Now that the government of Canada has bought the Trans Mountain pipeline project from Texas-based Kinder Morgan, the governments of Alberta and Canada have launched a public relations campaign to “sell” the deal to Canadians. The Keep Canada Working television and social media campaign promotes the familiar Liberal government message that “Developing the economy and protecting the environment are two things that can happen side by side – without choosing one over the other”, and argues that “The Trans Mountain Pipeline expansion funds green investments, shifts the transportation of oil away from more carbon intensive methods like rail or truck, and provides a bridge to a greener tomorrow.” The full “Climate Action” defense is here .
The “Jobs and the Economy” claims are here, including endorsements by politicians and includes a quote from Stephen Hunt, Director of the United Steelworkers District 3: “Members of the United Steelworkers are proud that the pipeline will be using Canadian-made USW-built pipe.” The other positive job arguments are sourced from an April 2018 Globe and Mail article by the CEO of the Canadian Association of Petroleum Producers and the corporate website of Trans Mountain, which are in turn based on an unnamed Conference Board of Canada report .
What do other economists say about the benefits of the Trans Mountain pipeline? In February 2018, the Parkland Institute summarized and critiqued the economic arguments in a still-useful blog “Let’s share the actual facts about the Trans Mountain Pipeline” , and Canadian economist Robyn Allan has written numerous articles critical of the Trans Mountain project for the National Observer, most recently “Premier Notley’s claimed $15 billion annual benefit from Trans Mountain exposed as false by her own budget” (June 7 2018). Other more detailed publications since the May 2018 purchase by the government: “Canada’s Folly: Government Purchase of Trans Mountain Pipeline Risks an Increase in National Budget Deficit by 36%, Ensures a 637% Gain by Kinder Morgan”, published by the Institute for Energy Economics and Financial Analysis, describes the fiscal and financial risks and calls for more public disclosure of those details before the Purchase Agreement is finalized in August. Similarly, The view from Taxpayer Mountain (June 2018) from the West Coast Environmental Law Association links to the actual Purchase Agreement and reviews Canada’s obligations and risks. On June 26, Greenpeace USA has published Tar Sands Tanker Superhighway Threatens Pacific Coast Waters highlighting the dangers of a potential oil spill on the environment, and on coastal economies. At risk: the $60 billion coastal economy of Washington, Oregon and California, which currently supports over 150,000 jobs in commercial fishing and over 525,000 jobs in coastal tourism, and in the British Columbia Lower Mainland, Greenpeace estimates there are 320,000 workers in industries that rely on a clean coastline.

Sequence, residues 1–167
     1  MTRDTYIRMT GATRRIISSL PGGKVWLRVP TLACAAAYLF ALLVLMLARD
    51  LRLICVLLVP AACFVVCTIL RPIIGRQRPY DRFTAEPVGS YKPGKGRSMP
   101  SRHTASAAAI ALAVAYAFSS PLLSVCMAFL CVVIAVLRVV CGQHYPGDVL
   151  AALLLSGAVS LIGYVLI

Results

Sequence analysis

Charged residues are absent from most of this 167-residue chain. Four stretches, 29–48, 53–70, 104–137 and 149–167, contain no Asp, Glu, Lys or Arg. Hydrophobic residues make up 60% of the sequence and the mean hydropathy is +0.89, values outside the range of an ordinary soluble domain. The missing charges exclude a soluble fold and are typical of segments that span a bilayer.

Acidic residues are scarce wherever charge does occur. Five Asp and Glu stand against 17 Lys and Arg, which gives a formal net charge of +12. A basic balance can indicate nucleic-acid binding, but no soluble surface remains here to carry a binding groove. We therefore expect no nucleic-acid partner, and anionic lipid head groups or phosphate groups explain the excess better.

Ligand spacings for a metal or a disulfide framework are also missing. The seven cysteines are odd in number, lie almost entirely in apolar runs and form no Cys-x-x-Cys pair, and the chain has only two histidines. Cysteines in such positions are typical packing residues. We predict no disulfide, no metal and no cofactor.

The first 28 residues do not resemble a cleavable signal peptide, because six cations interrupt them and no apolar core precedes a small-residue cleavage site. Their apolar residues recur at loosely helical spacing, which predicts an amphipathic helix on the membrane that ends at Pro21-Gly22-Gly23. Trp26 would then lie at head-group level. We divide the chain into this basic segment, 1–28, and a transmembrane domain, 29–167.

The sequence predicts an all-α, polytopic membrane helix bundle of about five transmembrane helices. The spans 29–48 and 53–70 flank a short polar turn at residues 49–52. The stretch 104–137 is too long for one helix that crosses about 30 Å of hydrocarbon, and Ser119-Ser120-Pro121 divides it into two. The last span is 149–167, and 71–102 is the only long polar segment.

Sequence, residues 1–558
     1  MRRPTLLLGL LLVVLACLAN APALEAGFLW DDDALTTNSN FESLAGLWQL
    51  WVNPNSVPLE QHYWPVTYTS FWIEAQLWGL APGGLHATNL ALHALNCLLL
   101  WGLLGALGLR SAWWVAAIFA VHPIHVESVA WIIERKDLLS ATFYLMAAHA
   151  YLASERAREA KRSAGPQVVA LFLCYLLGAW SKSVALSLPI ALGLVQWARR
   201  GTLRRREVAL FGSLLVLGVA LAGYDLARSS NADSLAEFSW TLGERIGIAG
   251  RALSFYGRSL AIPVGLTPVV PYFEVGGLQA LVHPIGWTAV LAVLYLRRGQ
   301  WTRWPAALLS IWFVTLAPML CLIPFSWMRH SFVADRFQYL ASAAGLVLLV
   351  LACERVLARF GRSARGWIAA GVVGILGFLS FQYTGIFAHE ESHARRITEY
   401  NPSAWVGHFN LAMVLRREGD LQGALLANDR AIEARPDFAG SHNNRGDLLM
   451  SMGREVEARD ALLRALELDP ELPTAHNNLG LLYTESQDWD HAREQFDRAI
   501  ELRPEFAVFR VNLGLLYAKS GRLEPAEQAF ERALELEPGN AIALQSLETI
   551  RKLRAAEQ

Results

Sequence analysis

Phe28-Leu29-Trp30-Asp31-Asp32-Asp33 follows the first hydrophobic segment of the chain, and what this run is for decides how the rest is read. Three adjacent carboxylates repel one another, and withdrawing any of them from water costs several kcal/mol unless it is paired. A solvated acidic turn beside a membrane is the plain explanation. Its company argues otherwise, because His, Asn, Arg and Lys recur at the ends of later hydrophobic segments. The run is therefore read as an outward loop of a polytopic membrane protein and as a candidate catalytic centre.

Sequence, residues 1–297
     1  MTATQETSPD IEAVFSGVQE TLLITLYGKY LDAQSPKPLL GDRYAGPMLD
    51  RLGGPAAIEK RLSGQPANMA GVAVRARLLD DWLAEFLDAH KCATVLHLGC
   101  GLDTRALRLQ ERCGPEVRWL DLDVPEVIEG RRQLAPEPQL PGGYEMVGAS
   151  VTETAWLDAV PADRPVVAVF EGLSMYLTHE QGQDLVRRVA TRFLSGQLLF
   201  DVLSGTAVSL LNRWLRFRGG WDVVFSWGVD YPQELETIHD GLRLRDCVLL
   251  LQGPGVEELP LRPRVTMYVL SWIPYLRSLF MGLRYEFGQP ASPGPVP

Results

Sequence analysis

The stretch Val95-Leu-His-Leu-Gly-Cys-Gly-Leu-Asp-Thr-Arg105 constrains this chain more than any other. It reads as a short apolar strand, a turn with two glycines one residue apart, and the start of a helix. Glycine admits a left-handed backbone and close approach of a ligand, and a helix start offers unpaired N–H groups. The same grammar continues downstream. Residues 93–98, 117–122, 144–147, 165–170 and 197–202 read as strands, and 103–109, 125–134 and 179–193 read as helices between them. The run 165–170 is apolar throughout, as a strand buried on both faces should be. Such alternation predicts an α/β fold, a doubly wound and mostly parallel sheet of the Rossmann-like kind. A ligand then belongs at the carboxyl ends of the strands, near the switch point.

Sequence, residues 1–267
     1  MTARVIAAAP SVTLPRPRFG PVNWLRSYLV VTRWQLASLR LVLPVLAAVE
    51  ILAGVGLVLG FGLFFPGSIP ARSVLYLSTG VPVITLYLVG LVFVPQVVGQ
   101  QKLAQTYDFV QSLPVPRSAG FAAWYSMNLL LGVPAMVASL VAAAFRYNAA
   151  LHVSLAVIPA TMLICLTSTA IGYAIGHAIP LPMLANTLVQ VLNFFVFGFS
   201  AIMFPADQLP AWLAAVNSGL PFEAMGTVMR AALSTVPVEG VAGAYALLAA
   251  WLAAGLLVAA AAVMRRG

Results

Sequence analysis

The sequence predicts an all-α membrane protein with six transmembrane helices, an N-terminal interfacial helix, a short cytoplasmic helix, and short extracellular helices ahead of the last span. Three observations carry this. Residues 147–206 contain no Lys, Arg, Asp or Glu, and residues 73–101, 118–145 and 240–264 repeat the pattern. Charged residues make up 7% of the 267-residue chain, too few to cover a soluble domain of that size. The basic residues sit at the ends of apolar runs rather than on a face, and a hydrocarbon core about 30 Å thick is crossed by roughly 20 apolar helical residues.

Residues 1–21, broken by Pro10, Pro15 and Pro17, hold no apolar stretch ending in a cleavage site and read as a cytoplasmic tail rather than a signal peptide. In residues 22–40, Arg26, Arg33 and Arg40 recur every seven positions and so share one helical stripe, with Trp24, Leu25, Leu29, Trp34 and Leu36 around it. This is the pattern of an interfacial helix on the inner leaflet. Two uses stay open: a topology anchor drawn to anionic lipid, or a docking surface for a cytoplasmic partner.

On the issue of climate change impacts, a widely-cited discussion paper, Confronting Carbon lock-in: Canada’s oil sands (June 2018) from the Stockholm Environment Institute, concludes that “The continued expansion of Canada’s oil sands is likely to contribute to carbon lock-in and a long-term oversupply of oil, slowing the world’s transition to a low-carbon future.” And still valuable reading: David Hughes’ Can Canada Expand Oil and Gas Production, Build Pipelines and Keep Its Climate Change Commitments? (June 2016) from the Corporate Mapping Project , and from Jeff Rubin, Evaluating the Need for
Pipelines: A False Narrative for the Canadian Economy (September 2017).
Demonstrations continue: Vancouver housing activist Jean Swanson’s argues that the billions spent on Kinder Morgan would be better used for social housing, job creation, and renewable energy in “Why I got arrested protesting the Kinder Morgan pipeline” in The Tyee, July 11. Twelve Greenpeace activists mounted an “aerial blockade” for Trans Mountain oil tankers by hanging from a bridge above the water on July 3 and 4. And on July 11, CBC reported “Secwepemc First Nation’s ‘Tiny House Warriors’ occupy provincial park in Trans Mountain protest” . The Tiny House Warrior movement began in 2017, near Kamloops, to block the pipeline by re-establishing village sites and asserting authority over Secwepemc First Nations unceded Territories.